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After such a successful term, it would have been understandable if the Pars suffered from second-season syndrome. A fourth-place finish in the league, however, only franked the progress that Stein had made with the Fife club. A run to the Scottish Cup quarter-finals was also a more than reasonable return, especially when considering that they were sallying out on their maiden European adventure.
The preliminary round tie against St Patrick’s Athletic was comfortable enough, with the Pars rattling in four goals both home and away. FK Vardar’s interest in the competition was all but extinguished as Dunfermline scored five without reply at East End Park, making a 2-0 defeat in the second leg of interest only to statisticians. It put Dunfermline into the last eight, but their journey would end there.
A 5-3 defeat to Hungarian Cup winners Újpest Dózsa eliminated Stein’s outfit, but their brief European odyssey had given them a taste for the high life. Their fourth place in the league meant they would have another chance to sample the delights of the continent when a Greek club withdrew from the Fairs Cup, opening up an unexpected bonus place that the Pars accepted with relish.
Eighth place in the league and a third-round defeat to Aberdeen may have seemed like a backward step after the previous season, but this was a club massively overachieving as Stein weaved magical spells to inspire his team to heights that would normally have been beyond them. Back in Europe, they would excel against major opposition before falling so unluckily.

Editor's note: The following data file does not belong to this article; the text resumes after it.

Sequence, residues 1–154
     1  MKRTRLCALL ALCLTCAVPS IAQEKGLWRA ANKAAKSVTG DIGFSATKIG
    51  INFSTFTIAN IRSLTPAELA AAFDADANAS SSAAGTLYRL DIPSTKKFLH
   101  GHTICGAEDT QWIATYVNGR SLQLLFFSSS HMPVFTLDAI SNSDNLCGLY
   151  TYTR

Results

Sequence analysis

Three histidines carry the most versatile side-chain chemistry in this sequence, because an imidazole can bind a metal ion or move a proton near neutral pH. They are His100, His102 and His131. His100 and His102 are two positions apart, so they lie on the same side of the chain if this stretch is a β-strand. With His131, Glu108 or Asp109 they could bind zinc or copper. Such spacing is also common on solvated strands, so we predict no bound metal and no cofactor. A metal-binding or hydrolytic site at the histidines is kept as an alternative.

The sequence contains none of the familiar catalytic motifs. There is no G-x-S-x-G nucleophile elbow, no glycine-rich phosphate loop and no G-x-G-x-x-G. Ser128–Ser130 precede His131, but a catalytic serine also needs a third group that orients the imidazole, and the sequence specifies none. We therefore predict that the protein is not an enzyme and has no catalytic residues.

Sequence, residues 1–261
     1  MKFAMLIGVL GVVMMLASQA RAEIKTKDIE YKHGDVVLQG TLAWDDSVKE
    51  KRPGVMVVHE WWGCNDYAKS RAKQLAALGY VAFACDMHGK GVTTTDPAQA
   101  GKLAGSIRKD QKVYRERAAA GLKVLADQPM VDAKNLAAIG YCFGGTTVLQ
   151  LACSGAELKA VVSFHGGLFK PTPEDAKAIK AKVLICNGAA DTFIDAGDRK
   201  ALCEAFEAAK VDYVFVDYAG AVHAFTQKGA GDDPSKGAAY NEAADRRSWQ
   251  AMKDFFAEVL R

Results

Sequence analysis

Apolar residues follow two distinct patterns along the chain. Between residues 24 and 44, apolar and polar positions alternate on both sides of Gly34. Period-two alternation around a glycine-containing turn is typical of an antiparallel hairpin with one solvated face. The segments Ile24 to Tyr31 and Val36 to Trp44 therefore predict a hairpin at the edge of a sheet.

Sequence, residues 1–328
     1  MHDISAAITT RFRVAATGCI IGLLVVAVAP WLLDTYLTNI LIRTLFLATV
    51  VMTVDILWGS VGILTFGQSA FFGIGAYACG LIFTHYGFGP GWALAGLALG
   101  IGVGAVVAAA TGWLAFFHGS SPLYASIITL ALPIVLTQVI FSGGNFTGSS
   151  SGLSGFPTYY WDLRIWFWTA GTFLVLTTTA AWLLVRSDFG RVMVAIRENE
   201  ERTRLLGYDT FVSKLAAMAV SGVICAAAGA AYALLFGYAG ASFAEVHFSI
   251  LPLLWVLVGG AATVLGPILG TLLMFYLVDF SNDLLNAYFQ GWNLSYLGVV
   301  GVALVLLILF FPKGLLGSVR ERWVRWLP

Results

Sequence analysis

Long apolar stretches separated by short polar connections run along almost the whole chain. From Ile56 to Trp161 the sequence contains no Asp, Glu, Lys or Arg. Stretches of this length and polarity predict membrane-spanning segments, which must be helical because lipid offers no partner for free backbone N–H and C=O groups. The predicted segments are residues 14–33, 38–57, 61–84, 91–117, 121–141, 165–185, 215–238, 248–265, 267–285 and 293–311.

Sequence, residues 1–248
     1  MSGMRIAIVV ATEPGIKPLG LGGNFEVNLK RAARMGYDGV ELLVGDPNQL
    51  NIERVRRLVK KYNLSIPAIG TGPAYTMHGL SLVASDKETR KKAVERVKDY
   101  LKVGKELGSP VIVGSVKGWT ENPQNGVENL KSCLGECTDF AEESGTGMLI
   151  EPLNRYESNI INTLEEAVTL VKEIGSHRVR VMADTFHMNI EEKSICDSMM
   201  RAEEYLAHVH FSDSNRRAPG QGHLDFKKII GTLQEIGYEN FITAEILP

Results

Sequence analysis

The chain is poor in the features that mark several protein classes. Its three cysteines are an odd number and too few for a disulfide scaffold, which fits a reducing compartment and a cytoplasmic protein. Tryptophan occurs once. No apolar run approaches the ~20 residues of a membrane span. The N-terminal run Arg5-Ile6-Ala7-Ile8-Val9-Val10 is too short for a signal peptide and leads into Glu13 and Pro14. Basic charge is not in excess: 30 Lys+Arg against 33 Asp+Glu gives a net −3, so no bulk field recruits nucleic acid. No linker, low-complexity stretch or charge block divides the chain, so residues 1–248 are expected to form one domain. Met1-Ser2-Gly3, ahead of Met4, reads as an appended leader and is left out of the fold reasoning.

The first round pitted them against an Everton team dubbed ‘The Bank of England’. The Toffees were on the way to being crowned English champions that season and their team included such luminaries as Billy Bingham, Brian Labone and the ‘Golden Vision’ himself, Alex Young. It was a huge challenge for the Fife side.
A single-goal defeat in Liverpool felt like a reasonable scoreline to tackle back north of the border. Everton were still the overwhelming favourites to progress, but Stein, ever the opportunist, found the perfect way to inspire his players. The English press had all but written off the tie before a ball had been kicked, declaring that Everton would comfortably account for this mid-table Scottish club with their novice manager. One even decried the club to the extent of calling them “country hicks”.
Ahead of kick-off, the story goes, Stein walked into the Dunfermline dressing room and pinned the page with the “country hicks” line on for all his players to see. The move was accompanied by more than a few choice remarks. Whatever the case, the message got through. Goals from Miller after just five minutes to square the aggregate scores and then the deciding strike from Melrose with three minutes left ensured that there would be more than a few red faces for the football writers of the English red top newspapers the following day.
The victory set up what would probably be the tie of the competition as Stein’s team were paired with Spain’s Valencia. Just a couple of weeks before Christmas, the Spanish club were in no mood to hand out gifts and, playing front of a packed Mestella, goals from Héctor Núñez, Waldo Machado and Ficha had the home team three clear before the break. Take on any more water and the already listing Dunfermline ship was surely headed for the rocks.